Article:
The Kyoto Protocol is an international treaty which was established by the United Nations Framework Convention on Climate Change in 1997 in Kyoto, Japan in order to produce significant changes in the nations of the world, such that overall emissions which lead to global warming might be reduced.
The Kyoto Treaty thus stands out as one of the largest international efforts towards environmental protection to have been implemented to date.
The Kyoto Protocol specifically asks the nations that sign onto the Kyoto Treaty to reduce their emissions of carbon dioxide, sulphur hexafluoride, methane, nitrous oxide, hydrofluorocarbons, and perflurocarbons to certain acceptable levels.
The means by which countries might meet the standards of the Kyoto Protocol would vary between states, but could include such means as emissions trading, for example. The Kyoto Treaty split nations up into different categories called Annexes in order to determine exactly what emissions reductions they must implement by 2012.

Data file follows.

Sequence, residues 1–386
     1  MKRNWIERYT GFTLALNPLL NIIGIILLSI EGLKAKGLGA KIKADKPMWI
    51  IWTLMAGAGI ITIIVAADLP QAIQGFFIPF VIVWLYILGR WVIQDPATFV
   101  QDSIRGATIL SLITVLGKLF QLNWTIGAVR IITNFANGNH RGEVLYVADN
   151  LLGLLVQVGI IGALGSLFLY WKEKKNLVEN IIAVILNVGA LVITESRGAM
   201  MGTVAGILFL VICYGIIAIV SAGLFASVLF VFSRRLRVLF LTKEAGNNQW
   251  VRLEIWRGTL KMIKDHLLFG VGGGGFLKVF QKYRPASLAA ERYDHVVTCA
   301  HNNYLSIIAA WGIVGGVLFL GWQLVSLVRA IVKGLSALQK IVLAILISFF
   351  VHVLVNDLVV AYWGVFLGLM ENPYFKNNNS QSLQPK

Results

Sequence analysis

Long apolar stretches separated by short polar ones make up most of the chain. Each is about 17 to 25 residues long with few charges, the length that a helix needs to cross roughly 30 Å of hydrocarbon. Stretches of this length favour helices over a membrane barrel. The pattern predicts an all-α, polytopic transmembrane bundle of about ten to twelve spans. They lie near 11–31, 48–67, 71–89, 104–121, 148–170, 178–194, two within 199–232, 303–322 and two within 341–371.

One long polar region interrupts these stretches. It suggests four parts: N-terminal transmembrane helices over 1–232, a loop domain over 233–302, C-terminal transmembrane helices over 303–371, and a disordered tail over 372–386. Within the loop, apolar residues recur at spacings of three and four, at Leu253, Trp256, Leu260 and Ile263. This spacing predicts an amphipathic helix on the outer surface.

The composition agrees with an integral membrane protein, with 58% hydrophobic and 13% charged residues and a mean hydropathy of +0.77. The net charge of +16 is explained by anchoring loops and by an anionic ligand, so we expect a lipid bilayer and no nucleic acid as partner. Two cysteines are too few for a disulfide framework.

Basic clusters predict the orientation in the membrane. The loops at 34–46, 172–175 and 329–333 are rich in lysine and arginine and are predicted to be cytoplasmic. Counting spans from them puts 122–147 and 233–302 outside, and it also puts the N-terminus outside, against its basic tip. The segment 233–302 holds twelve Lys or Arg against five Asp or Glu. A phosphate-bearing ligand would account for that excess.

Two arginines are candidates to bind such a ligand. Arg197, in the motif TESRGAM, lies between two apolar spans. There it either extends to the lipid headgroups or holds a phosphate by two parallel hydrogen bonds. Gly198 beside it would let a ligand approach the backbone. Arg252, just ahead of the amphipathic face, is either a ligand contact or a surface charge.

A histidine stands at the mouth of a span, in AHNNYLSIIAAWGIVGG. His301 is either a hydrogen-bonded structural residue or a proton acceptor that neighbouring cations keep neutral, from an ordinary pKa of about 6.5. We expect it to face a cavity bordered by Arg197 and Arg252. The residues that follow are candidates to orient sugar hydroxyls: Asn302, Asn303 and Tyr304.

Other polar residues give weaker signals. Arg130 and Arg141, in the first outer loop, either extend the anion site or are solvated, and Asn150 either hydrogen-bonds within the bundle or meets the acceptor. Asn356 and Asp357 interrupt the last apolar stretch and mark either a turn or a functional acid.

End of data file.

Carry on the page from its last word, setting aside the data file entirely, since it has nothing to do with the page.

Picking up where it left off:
The Kyoto Treaty has currently been agreed to and joined with by 187 different states throughout the world, ranging from Fiji to Lesotho to Denmark to Canada and others as members. The Kyoto Protocol was signed by the United States, but the United States Government itself has not ratified the Kyoto Treaty, which means that the Kyoto Protocol standards have not been put into effect by the United States of America.
There are several other nations which have not signed onto the Kyoto Protocol, including the Palestinian Authority and Vatican City.